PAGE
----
‘We don’t de­serve God’s heal­ing’

The Sunday Mail (Zimbabwe) - - ADVERTORIAL/RELIGION - You can fol­low/con­tact Pas­tor Paul Reynolds on Twit­ter @PaulTReynolds Pr Ti­mothy Reynolds My Per­spec­tive

2 Chron­i­cles 7:14 (NIV) “…if my peo­ple, who are called by my name, will hum­ble them­selves and pray and seek my face and turn from their wicked ways, then I will hear from heaven, and I will for­give their sin and will heal their land.”

When my friend sat down with the sales di­rec­tor they were given an ex­cit­ing prom­ise; meet your sales tar­gets for this year and we will make you a Sales Man­ager. It was an ex­cit­ing prom­ise to hear.

They had been strug­gling for sales in re­cent months and had been los­ing mo­ti­va­tion, and this gave them the push they needed to up their game. I was in sales too, I worked next to the per­son who had been given that great prom­ise of pro­mo­tion, I sold the same con­sult­ing ser­vices they did…but the prom­ise wasn’t for me.

In my case I didn’t have the same track record my col­league did and one year of bust­ing my tar­gets wouldn’t be enough.

As the sales di­rec­tor pointed out to me on a later date, “I think you would make a bet­ter sales man­ager than sales­man … but you don’t beat your tar­gets well enough for me to pro­mote you.”

There would have been no point in my go­ing to the sales di­rec­tor and say­ing to him, “Hey, you said, ‘If you meet your tar­gets this year I will pro­mote you’ … but when I look at the tran­scripts you didn’t men­tion my col­league by NAME, so the prom­ise has to ap­ply to me.”

I could have tried it, I sup­pose, but he could have just pointed out that he was ob­vi­ously talk­ing to Sarah and I had no right to take him out of con­text like that. The above verse has given rise to a dizzy­ing ar­ray of In­ter­net memes, made it onto count­less Pinterest boards and even crafted into hang­ings for your home. All with the in­tent of en­cour­ag­ing you to be­lieve that what­ever you think needs fix­ing about the coun­try you live in, then if enough Chris­tians would “pray and seek (God’s) face and turn from (wicked) ways,” then God will do as we asked of him.

But God wasn’t talk­ing to Zim­babwe in 2017. Nor was he talk­ing to the US, or Great Bri­tain, or any other coun­try. He was talk­ing to King Solomon al­most 3 000 years ago about Is­rael, and at the time they didn’t need heal­ing. Solomon had been pray­ing in the pre­vi­ous chap­ter (2 Chron­i­cles 6) that in the con­text of fu­ture events whereby God — un­der the old covenant of pun­ish­ing the whole coun­try when the whole coun­try ne­glected the poor or wor­shipped idols — in that con­text, Solomon asked God for the prayers of believ­ers to be an­swered with a Yes . For some rea­son lots of peo­ple want to try and get lever­age with God — as if such a thing were pos­si­ble. The hunt is on to find a prom­ise that God made to some­one, some­where, some­times, and then hi­jack it for own use.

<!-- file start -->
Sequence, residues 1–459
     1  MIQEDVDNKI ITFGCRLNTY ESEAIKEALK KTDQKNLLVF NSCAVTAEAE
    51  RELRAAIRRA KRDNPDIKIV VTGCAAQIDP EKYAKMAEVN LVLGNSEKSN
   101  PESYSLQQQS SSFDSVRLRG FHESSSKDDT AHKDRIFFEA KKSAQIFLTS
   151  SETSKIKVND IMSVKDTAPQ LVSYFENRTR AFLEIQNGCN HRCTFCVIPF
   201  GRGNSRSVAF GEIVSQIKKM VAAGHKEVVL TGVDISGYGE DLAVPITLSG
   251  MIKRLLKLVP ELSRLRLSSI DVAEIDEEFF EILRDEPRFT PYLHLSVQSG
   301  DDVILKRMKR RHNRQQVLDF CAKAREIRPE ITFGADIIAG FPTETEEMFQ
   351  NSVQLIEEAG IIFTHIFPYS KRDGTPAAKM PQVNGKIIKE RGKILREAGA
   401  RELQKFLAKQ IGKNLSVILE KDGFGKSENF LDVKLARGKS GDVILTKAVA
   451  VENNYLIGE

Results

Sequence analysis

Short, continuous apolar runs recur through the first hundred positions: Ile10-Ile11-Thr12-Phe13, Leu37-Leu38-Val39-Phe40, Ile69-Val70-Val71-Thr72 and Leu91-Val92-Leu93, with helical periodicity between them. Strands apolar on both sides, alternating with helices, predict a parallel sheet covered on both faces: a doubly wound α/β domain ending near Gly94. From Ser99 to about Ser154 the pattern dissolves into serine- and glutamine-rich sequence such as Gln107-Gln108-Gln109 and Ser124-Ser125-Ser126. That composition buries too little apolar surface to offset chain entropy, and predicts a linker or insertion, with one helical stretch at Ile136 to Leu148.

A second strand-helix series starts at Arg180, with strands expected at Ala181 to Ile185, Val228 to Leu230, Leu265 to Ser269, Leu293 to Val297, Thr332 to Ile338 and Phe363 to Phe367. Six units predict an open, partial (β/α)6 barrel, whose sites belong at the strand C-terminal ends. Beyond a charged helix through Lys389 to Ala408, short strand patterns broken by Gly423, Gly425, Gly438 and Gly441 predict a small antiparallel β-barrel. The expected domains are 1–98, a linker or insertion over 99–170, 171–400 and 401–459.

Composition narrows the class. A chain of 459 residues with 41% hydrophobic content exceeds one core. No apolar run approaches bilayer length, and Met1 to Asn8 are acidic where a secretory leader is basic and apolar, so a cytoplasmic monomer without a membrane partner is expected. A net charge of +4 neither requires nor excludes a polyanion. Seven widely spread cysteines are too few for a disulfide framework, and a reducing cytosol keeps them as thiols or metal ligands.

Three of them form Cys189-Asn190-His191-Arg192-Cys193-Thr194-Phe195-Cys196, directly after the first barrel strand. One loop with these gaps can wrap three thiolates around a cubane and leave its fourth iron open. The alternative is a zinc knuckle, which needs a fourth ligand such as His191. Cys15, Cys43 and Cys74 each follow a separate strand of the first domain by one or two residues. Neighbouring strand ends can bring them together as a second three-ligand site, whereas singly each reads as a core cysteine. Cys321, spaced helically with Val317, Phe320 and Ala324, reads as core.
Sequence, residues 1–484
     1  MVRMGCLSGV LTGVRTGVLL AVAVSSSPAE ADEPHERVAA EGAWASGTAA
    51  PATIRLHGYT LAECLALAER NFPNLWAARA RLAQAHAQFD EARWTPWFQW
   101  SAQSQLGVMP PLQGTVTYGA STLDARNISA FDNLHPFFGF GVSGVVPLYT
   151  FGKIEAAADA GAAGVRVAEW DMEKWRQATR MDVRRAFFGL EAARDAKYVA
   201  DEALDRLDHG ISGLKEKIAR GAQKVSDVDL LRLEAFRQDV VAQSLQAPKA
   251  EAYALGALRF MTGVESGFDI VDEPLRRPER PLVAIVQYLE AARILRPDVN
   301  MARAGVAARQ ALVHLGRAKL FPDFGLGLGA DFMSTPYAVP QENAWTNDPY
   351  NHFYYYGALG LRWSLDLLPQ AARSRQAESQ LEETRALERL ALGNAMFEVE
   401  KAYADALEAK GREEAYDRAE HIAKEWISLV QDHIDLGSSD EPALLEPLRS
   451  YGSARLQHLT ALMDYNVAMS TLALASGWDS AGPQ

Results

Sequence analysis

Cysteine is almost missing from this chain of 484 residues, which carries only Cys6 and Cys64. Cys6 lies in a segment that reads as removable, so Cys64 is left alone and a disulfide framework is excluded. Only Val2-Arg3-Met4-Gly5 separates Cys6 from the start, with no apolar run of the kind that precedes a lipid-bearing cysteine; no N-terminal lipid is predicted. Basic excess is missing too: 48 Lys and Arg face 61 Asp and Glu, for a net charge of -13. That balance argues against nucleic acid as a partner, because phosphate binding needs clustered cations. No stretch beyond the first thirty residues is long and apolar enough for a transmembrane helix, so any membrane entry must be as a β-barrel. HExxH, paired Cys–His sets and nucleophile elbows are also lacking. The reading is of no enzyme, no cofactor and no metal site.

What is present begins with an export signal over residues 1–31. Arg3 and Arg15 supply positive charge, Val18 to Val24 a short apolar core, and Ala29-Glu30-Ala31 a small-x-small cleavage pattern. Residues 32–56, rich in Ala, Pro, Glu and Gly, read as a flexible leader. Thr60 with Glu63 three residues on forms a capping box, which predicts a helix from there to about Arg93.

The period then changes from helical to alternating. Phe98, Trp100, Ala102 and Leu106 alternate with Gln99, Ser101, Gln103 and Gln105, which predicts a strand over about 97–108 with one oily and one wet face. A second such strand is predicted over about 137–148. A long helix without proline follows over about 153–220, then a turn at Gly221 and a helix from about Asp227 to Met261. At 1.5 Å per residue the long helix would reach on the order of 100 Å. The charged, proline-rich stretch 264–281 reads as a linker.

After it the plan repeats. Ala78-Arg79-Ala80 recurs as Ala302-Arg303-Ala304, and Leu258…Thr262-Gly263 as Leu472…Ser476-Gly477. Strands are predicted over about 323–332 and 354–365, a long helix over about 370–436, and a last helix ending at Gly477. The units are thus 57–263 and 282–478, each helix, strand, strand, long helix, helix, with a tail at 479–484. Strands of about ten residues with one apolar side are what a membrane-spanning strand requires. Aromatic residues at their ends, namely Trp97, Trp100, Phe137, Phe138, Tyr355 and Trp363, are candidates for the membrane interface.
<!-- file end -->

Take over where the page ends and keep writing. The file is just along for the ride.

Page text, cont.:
As if God would be con­fused or caught out by us claim­ing a prom­ise we were never given, and give us what we wanted any­way. Or as if, as some peo­ple openly claim, any prom­ise that God has given to any­body ever, is a prom­ise that God has made to us.

So when we claim God’s heal­ing on our coun­try on the ba­sis of the above verse, or try to make other Chris­tians feel guilty be­cause the lack of heal­ing is prob­a­bly down to their be­ing too wicked … then we are like me go­ing into Tim’s of­fice ask­ing for the pro­mo­tion he promised to some­body else whilst blam­ing my col­leagues for my own poor sales fig­ures.

So what prom­ise can we claim for heal­ing?

Many peo­ple across Zim­babwe are in a des­per­ate sit­u­a­tion, just as there are count­less mil­lions across the world who know noth­ing ex­cept grind­ing poverty and de­pri­va­tion.

Which prom­ises of God can they claim? None. Not for na­tional “heal­ing” any­way. God hasn’t promised it, so you can’t claim it.

Our re­la­tion­ship with God doesn’t work that way. He’s the Creator of the uni­verse and the Lord of all cre­ation who will do what is best and al­low what he al­lows ac­cord­ing to His per­fect wis­dom and right­eous­ness, and not ac­cord­ing to our abil­ity to ful­fil or claim a con­tract with us that he never made. Our hope when we pray for our bro­ken and suf­fer­ing peo­ple there­fore, is not that God owes us one and we need to be good enough so we can claim it. Rather, our hope is that God is not only right­eous and holy but also pa­tient, mer­ci­ful, com­pas­sion­ate, kind and lov­ing.

So, we beg God to have mercy on our un­de­serv­ing coun­tries with its un­de­serv­ing peo­ple. We plead with him to heal us from sick­ness, famine, poverty, home­less­ness and abuse. And we beg him to heal peo­ple from their own sin. I didn’t de­serve to be­come a sales man­ager so I didn’t, and there was no point ask­ing for mercy. Zim­babwe doesn’t de­serve God’s heal­ing — nowhere does — so let’s pray that God will have mercy.

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